At the Battle of the Bay, the football game last week between Newport Harbor and Corona del Mar, I was reminded how much fun high school sports are.
In the grand scheme of things, that game might not have meant too much, but for those kids on the field and in the stands, it was an epic battle for the ages. Applause and cheers were met with boos and hisses as the teams took the field, and nobody could convince those kids to settle down.
As for the players, iat might’ve been the best sports moment of their lives, and who knows if they’ll ever see that type of fan support or be on that type of stage again.
A recent study done by Yahoo Sports showed that the two biggest states in the country, California and Texas, also produce the most NFL players. Obviously population is a major factor in those statistics, and as it turns out, in California the per capita rate of NFL players is 1 in 175,163.
With those odds, it’s hard to be optimistic for high school football players about playing professionally. For a lot of those kids, high school football is the end of the road as far as their competitive playing days are concerned. There are only so many college scholarships to go around, and the kids that receive them are heavily scouted and vetted.
Personally, I played volleyball all four years of my high school career at a school that is always contending for a Division 1 CIF championship. I remember the last game I played, in the CIF semifinals, and standing in the huddle during that last timeout when we were down a game-point.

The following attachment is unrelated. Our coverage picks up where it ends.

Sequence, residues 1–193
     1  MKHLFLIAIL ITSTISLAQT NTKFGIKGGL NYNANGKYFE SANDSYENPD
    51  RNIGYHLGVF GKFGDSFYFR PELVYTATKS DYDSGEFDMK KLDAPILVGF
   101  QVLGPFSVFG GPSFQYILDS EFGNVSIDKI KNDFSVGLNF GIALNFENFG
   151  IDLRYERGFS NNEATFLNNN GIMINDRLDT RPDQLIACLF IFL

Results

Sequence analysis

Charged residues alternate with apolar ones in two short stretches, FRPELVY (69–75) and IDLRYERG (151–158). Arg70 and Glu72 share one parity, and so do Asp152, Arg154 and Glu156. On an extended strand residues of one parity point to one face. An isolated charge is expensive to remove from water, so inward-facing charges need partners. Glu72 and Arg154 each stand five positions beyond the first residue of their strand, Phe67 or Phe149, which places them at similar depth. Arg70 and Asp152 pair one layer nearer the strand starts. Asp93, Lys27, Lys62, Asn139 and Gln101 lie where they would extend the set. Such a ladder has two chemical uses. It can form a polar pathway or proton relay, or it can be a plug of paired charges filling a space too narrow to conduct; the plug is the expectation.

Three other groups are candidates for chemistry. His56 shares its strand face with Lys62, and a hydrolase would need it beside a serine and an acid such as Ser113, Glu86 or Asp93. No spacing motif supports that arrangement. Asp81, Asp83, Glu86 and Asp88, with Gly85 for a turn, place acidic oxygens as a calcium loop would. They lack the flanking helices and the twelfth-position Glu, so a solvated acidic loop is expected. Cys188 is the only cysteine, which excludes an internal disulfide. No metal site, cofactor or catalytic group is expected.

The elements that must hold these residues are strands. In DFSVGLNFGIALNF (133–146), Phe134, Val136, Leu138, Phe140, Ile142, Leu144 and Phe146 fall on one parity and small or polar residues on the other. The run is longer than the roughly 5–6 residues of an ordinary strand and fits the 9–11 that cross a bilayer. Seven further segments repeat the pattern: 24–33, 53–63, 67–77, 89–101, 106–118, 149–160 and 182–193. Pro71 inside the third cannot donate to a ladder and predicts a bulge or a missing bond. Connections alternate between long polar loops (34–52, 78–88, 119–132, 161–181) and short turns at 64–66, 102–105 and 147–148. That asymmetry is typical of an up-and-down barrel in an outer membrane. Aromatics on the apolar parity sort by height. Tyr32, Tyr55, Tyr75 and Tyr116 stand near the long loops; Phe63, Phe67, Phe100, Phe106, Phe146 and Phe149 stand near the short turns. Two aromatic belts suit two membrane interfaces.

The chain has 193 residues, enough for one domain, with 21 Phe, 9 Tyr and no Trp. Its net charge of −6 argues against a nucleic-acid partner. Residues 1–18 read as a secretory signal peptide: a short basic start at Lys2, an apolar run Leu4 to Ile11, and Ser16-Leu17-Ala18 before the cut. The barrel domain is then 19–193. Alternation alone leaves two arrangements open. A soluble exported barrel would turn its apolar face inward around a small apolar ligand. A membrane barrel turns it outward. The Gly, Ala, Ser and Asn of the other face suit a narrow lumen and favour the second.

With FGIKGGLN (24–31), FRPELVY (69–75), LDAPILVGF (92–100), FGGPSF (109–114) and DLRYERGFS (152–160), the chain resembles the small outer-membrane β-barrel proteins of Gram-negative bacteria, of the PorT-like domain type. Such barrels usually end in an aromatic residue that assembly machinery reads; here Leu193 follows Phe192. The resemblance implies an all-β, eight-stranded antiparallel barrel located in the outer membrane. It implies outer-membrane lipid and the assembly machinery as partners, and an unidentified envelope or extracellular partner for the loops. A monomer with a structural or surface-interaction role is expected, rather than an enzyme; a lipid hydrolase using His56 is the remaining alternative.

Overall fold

It’s something I’ll never forget.
It suddenly occurred to me that that was the last time I’d ever play competitive volleyball. I wasn’t going to get a scholarship and I wasn’t near tall enough to play in college.
That was the end of the road, but running out onto that court as my name was announced is a memory I’ll keep forever.
Who knows what the future will hold for those Sailors and the Sea Kingswho battled last Friday.
Perhaps some of them will go on to successful college careers, or maybe even the pros.
More than likely, the majority of those players will have that game and these years to look back on as fond memories, not resume builders.
Not that it will be an “Uncle Rico” situation, but you know what I mean.
If I had one piece of advice to pass on to current and future high school athletes, it would be cliché, but I’d say, “Enjoy this time, and don’t forget a minute of it. Not everybody gets this chance, so don’t take it for granted.”
The glory days of high school sports will never be forgotten, and for some, it’s the pinnacle of their sports careers.